D A V I D   M I C H A E L   K E N N E D Y

. M A S T E R . A T .T H E . F I N E . A R T . O F . P H O T O G R A P H Y

Photo by C. Whitney-Ward

David Michael Kennedy lives and works in El Rito, New Mexico, a blip on the map that is off the beaten path and a sanctuary for a bevy of remarkable artists. He invited me to his home/studio and  introduced me to two other amazing artists who will share this post... 

DMK's platinum/palladium prints are hauntingly beautiful, capturing the essence of his subject(s), everything from a weather-beaten car, the ethereal movements of a Native American dancer, the true grit of Bob Dylan - to the quiet eloquence of Isaac Stern. And, he does it all on film with finesse and grace and then creates magic in his darkroom.

Photos courtesy DMK website

In the 70's and 80's  David worked in advertising in New York, photographing a portfolio of celebrities - Bruce Springsteen, Yo Yo Ma, Muddy Waters, Jimmy Cliff, Loren Maazell  - just to drop a few names. Then in 1987 he decided to follow his dream and  settle in Northern New Mexico where he's firmly ensconced - save for a two- year photographic journey  across America in an Airstream trailer. His images From the Road are raw and real, capturing a rapidly vanishing way of life. 

Pentecostal Minister Sister Reiddie Harper's larger-than-life portrait makes a quiet statement  in DMK's living room.  Which brings me to his home and studio. The house  is really two - a 200-year old house which was one of the first structures in El Rito, and a newer addition. David took me on a tour and I snapped away.

                You enter through a large gallery/studio filled with current work - every surface warm and inviting.

As you meander through the rest of the house,  his favorite prints and belongings take pride of place in every room.  

His handmade kitchen table.

 Henry who was along for the two-year road trip.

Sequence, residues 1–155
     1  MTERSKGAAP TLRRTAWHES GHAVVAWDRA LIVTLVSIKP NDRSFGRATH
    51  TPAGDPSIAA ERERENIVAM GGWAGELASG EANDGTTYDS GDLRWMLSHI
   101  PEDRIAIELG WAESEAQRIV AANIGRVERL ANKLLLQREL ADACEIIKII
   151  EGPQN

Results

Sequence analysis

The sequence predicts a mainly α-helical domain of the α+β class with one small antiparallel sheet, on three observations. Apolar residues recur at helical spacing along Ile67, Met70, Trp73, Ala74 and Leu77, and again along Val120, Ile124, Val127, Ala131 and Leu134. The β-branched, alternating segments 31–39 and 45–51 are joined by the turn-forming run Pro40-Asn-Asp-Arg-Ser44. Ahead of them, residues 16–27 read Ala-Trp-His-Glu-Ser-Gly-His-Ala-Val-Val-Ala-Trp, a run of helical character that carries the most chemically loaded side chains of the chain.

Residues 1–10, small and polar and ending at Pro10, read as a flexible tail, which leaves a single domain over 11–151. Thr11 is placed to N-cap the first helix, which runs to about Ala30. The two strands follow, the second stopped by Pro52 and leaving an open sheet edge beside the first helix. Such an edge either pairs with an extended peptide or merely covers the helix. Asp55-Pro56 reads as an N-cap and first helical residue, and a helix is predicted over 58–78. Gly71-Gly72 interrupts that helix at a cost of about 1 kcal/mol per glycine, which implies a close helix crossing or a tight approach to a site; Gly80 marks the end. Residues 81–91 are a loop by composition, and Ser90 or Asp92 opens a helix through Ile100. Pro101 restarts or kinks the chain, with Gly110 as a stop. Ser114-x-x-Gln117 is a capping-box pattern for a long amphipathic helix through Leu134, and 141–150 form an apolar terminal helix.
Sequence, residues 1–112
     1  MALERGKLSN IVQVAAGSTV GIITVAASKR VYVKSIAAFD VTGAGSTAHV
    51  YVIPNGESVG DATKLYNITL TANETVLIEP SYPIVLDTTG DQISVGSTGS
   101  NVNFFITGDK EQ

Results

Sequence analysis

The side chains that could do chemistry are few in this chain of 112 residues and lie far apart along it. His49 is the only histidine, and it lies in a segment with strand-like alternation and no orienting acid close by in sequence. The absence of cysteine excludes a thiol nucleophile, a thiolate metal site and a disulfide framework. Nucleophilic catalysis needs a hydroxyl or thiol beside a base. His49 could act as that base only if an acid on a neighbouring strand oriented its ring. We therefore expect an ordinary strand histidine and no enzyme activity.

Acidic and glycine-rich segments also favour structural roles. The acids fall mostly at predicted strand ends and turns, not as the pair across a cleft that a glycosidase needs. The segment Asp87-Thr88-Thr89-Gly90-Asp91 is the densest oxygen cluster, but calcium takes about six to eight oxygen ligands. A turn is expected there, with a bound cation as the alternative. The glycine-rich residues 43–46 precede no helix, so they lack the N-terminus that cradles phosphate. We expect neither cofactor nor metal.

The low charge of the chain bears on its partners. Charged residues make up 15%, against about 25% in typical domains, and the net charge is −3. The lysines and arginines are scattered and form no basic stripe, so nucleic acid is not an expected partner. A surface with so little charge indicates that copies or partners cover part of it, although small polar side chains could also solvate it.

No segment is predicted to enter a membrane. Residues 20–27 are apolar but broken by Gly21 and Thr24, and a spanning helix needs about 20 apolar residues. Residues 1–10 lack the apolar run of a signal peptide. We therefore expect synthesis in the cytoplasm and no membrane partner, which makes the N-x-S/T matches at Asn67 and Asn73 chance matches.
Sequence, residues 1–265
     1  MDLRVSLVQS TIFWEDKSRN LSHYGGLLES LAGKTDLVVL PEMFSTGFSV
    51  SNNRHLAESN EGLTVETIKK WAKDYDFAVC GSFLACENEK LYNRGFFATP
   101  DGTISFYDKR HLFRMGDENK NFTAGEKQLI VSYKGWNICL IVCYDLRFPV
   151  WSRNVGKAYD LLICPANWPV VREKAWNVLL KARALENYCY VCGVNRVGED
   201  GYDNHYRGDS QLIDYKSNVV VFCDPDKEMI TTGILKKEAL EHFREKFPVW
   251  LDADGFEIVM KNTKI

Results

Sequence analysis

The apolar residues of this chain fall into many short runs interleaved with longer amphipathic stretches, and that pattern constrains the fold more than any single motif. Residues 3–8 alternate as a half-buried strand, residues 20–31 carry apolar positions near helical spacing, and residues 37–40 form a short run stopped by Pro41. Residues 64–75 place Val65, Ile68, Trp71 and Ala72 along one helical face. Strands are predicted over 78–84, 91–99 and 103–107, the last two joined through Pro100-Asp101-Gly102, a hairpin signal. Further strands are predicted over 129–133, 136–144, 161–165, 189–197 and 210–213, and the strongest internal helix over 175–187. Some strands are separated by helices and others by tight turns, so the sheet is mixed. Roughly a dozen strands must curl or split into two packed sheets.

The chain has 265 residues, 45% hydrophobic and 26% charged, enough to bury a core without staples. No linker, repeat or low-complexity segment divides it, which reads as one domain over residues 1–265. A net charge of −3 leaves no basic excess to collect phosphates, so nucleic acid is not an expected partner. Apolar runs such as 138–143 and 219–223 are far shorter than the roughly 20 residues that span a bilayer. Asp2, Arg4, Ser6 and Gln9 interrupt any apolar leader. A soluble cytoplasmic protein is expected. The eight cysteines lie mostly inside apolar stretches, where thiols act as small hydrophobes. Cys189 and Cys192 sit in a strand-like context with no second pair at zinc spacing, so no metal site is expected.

Upstairs is his darkroom where the magic happens.

David teaches Master Classes in landscape, portraiture and Platinum/Palladium printing. His vintage airstream is outback and available if an artist would like to be in residence for a week or so. David's work is on display locally at Legends Gallery,   and his work is coveted by an impressive list of collectors. Five of his photographs are being considered by the Smithsonian National Portrait Gallery for their permanent collection.





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Photos & Text by C. Whitney-Ward

Nicholas Herrera is a force of nature - always creating, always working. You might find him under the hood of  a rusted and immovable car perched in his driveway...

Painting a door to his daughter's room replete with a 'gun' doorknob...
"For when she brings home a boyfriend," laughs Herrara.

Fashioning a fab studio desk out of car fenders and a grill...

Or carving a magnificent saint out of cottonwood in his vast and light-filled studio.

Nicholas is a self-taught artist following in the footsteps of his great, great uncle who was a Santero de Muerto, also carving in cottonwood. His family history is rich, tracing back fifteen generations in New Mexico -  originally coming from the Canary Islands - and six generations  in El Rito and the family ancestral ranch in the mountains. Nicholas lives and works in the same house where he was born.

A room in the original house is like a mini museum...

And, Nicholas built a private chapel to St. Anthony out back where
 his mother is buried.

His work -  in 30 museums including the Smithsonian - is powerful and unique combining traditional Santero art with a contemporary twist and commentary. 

"The history and genealogy of my family is in my art," explains Nicholas.

N I C H O L A S   H E R R E R A

El Rito, New Mexico


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Photos & Text by C. Whitney-Ward

When  LARRY SPARKS, a former Santa Fe builder/designer retired and bought 14 acres of land in El Rito, New Mexico, he immediately started building with passion. The result? A wonderfully-eccentric compound of  structures encased in licence plates, found objects and vintage signage.

Featured on the cover of the Feb issue of World of Interiors Magazine, Sparks' outsider art buildings are a labor of creative whimsy. His first building went up in 1991 and he's been at it  ever since. "They are a canvas in themselves," notes Sparks.  "I'm trying to do something that is aesthetically cool using re-cycled, biodegradable stuff."

Before there was inside plumbing, he built this snazzy outhouse.

When he built his house bathroom, he tried his hand at stained glass.

And even built a separate house for a spa/sauna.

Let's see. There's a main house, an outhouse, a spa/sauna house, a guest house, a studio, and another studio/retreat house. There's even a sculpture garden filled with his found object assemblages.

All in all, wonderful stuff inside and out.

Why El Rito?

"I like to be able to see 60 miles in a couple of directions.
 It's rural and beautiful."

I'd say that Larry Sparks has found his perfect roost. 


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